Advancing Professional Teaching in South Africa: Lessons Learnt from Policy Frameworks That Have Regulated Teachers’ Work

Faith Kimathi, Lee Rusznyak


Teaching and teacher education in South Africa have emerged from a highly fragmented past. Teachers from diverse backgrounds, experiences and qualifications find themselves working together in schools where they do not necessarily have access to a common language of practice, nor a shared understanding of professional teaching practices. To address these challenges, the South African Council of Educators (SACE) has developed a set of professional teaching standards for use in the South African context. This is not the first time a policy framework has tried to articulate and direct teachers’ work. This paper analyses four other frameworks that have been used to regulate, monitor and evaluate the work of South African teachers over the past two decades. These other frameworks are The Roles of the Educator and Their Associated Competences, the SACE Code of Professional Ethics, the Integrated Quality Management System (IQMS) and the Basic Competences of a Beginner Teacher. Our analysis shows how these frameworks present teaching in ways that constrain teacher professionalism in some ways. They address some aspects of professional teaching while ignoring others. In particular, none of them adequately acknowledge the relations between knowledge, skills, judgement and the ethical orientations that underpin professional teaching. The ways in which previous frameworks have constrained teacher professionalism has important implications for SACE if its set of professional teaching standards is to more successfully enhance teacher professionalism in the South African context.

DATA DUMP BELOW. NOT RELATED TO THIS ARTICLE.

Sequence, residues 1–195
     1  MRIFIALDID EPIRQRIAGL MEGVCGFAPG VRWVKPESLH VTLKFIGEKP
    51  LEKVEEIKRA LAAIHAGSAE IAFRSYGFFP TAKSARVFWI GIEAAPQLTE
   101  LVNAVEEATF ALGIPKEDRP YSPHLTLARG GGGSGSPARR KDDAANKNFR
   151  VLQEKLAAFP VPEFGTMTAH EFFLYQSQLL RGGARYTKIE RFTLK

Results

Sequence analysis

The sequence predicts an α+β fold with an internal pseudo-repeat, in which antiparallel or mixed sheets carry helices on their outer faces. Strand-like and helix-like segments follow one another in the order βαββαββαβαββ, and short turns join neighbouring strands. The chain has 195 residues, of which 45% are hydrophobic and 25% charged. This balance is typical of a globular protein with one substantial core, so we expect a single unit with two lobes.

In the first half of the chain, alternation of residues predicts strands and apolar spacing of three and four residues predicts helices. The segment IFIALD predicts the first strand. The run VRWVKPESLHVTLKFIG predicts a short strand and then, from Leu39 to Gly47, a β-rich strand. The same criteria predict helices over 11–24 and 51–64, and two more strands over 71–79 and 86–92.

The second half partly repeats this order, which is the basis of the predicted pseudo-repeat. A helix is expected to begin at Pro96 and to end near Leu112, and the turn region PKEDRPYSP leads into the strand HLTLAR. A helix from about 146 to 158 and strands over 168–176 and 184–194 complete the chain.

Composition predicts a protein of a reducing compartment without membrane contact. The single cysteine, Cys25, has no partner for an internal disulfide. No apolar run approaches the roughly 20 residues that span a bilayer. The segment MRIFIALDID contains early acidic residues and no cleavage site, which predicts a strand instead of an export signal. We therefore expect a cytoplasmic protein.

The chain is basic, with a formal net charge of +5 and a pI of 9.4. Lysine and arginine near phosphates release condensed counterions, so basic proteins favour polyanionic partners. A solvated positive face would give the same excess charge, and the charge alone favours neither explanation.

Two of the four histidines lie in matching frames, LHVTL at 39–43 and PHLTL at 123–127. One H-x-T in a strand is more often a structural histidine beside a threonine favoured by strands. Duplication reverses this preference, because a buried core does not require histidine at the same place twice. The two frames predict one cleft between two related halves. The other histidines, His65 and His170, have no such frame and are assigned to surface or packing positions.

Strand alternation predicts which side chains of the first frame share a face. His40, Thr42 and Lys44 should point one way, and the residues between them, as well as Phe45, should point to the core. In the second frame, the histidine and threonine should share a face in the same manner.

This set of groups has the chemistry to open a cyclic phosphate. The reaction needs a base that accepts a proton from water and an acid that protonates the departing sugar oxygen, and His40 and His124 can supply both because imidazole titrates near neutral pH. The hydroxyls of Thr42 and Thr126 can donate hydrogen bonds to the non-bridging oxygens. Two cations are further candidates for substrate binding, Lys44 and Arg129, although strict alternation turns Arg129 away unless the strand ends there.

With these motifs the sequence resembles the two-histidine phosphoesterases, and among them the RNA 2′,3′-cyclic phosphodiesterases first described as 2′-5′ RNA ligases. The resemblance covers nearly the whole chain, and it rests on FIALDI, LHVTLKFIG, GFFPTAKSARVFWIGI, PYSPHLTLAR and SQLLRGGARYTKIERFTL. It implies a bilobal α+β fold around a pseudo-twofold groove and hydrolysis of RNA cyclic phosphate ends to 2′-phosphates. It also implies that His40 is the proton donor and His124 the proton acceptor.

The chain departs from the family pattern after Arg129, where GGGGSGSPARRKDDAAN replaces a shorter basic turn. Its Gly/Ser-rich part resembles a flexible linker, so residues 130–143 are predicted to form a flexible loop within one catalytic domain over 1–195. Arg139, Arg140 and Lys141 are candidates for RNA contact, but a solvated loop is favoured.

teaching; professional teaching standards; SACE; professionalism; policy; teachers

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Copyright (c) 2018 Faith Kimathi, Lee Rusznyak

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